My life is starting to resemble a country song. We had to put my old dog down, two of my appliances died, our car was in the shop and we got a ticket for parking in front of a hydrant, bills are piling up and to make matters worse, I’ve had a throat infection that’s only getting worse which means I’ll have to go back to the doctor for another appointment.

As Dave says, there are weeks when the happy act should really be The Crappy Act. It’s made me reflect on how to keep chipper when life gets you down. Here are a few things that work for me.

  • Taking care of myself. Easier said than done, but I’ve always been a huge advocate of listening to your body, and when I’m feeling poorly I try to slow down and take care of myself. Note to self: make another doctor’s appointment tomorrow.
  • Being grateful for what I have instead of what I’ve lost. I loved Murphy our old dog, but we still have our Great Pyrenees, Bella, the stupidest dog on the face of the planet. Even though her various nicknames range from Bella the Fart Smeller, to Bella the Drywall Eating Dog, to the Bellidiot, we still love her and I’m grateful my big fluffy polar bear of a dog is still here to greet me every night when I come home.
  • Remembering that no matter what challenges we are facing, there is someone sitting next to me dealing with far more serious issues. I was reminded of this twice this weekend.
  • Knowing this too shall pass.
  • Oh, and chocolate and ice cream don’t hurt either (and are cool on the throat).

Hope everyone else had a happy week….and thanks for the kind words about Murphy. Our gentle giant is in a happier place.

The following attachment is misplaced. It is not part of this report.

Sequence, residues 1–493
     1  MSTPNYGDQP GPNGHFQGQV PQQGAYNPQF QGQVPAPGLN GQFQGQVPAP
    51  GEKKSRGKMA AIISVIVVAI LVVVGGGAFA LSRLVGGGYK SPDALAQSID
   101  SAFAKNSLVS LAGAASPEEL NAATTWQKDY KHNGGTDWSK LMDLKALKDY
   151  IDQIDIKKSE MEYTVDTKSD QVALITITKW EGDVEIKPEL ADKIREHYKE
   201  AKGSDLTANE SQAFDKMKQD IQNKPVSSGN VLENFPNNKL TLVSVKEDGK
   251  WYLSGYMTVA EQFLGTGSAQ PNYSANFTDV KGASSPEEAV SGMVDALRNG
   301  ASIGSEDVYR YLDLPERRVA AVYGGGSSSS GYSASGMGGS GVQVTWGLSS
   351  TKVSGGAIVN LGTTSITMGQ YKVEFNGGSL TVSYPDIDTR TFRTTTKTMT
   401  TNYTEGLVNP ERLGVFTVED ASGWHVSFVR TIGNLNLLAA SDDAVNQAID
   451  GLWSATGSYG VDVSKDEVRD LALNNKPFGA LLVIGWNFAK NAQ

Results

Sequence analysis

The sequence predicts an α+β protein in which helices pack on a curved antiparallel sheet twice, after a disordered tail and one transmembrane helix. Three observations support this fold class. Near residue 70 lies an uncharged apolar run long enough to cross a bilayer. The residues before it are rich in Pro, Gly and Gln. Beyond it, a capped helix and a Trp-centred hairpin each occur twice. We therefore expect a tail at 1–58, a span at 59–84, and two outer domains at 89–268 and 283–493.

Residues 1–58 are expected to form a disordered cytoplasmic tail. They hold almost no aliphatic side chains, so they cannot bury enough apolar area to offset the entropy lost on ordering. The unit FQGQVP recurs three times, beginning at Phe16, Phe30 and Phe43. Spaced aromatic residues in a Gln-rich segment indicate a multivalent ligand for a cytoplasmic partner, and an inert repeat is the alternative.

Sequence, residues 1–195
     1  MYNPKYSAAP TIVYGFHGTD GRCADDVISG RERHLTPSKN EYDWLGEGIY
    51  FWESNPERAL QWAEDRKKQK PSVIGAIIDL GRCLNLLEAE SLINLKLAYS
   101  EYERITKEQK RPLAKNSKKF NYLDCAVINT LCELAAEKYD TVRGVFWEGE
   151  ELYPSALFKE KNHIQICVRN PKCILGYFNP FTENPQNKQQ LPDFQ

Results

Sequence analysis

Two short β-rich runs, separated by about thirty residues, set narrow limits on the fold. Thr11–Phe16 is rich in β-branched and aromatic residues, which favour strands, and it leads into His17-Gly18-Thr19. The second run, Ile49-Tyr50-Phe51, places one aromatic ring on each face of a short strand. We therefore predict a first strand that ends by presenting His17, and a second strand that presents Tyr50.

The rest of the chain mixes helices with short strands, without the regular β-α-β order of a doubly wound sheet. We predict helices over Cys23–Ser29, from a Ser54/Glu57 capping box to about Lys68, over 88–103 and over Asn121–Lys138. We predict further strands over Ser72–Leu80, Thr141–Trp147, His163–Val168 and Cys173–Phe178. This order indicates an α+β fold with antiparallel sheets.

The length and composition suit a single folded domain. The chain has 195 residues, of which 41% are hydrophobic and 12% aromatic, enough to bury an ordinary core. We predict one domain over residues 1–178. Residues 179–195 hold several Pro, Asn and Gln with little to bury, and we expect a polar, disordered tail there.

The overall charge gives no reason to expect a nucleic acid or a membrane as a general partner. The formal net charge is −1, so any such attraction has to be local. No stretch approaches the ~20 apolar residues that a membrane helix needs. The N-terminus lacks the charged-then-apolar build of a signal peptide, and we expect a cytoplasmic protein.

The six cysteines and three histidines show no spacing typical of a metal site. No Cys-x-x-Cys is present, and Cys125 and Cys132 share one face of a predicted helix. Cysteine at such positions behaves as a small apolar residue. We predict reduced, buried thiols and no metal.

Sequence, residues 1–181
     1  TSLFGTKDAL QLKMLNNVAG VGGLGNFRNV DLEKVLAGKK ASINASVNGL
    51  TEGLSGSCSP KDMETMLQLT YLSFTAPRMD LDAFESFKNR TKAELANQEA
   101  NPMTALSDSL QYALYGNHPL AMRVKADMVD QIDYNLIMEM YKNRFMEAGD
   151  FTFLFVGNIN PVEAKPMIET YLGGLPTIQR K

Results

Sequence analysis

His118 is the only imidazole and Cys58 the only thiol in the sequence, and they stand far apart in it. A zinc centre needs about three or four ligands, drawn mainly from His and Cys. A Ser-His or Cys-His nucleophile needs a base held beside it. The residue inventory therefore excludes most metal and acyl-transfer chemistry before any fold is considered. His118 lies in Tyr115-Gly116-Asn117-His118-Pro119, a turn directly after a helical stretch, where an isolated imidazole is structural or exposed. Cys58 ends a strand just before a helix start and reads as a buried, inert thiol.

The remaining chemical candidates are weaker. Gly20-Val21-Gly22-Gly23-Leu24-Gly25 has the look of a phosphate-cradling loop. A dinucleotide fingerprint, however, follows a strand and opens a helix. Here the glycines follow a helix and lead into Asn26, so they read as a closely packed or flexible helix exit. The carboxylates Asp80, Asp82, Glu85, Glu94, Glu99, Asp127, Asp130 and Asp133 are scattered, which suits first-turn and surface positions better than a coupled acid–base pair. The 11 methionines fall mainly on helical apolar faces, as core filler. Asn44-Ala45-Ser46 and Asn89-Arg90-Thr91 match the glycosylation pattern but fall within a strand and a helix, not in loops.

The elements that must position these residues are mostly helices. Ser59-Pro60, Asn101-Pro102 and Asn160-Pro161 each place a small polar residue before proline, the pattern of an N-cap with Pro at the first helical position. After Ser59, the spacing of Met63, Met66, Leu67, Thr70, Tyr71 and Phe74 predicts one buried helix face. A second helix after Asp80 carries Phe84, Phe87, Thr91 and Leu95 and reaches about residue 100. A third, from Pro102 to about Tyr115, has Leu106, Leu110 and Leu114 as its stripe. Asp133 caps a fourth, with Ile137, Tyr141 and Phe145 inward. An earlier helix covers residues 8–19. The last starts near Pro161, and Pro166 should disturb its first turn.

Feel your heart fill with pride

Girls with silver medals

Any parent knows there is no greater joy than watching their child excel at something.

This past weekend, Clare competed in the Ontario provincial kayaking championships in Welland, Ontario. She qualified for two races: the K1 1000 metre individual developmental race, and the K2 500 metre competitive final with her kayaking partner, Parker Friendship.

This is only her second year competing with the Sydenham Lake Canoe Club so the fact she made it to the provincials is pretty amazing.

I’m not one of those crazy parents that loses it at sporting events, even though I do yell and cheer loudly at hockey games, much to my kids’ chagrin.  But when that horn blasted and Clare and Parker plunged their paddles into the water and powered their boat in perfect synchrony to the front of the pack, my heart started racing too.

It was the first time I experienced an actual physiological reaction watching my child compete, and my heart didn’t stop racing until they crossed the finish line in second place. Tears filled my eyes and my heart filled with pride. It was a moment to remember.

Congratulations to Clare and Parker on a phenomenal race and their silver medals making them #2 in all of Ontario. We couldn’t be more proud of you! Special thanks to Helen Parfitt and Roger Labbe who pour their heart and soul into making the Sydenham Lake Canoe Club the welcoming, supportive and successful club it is, and Rhiannon Murphy for being such a wonderful coach and mentor to all our kids this summer.

Kayakers on podium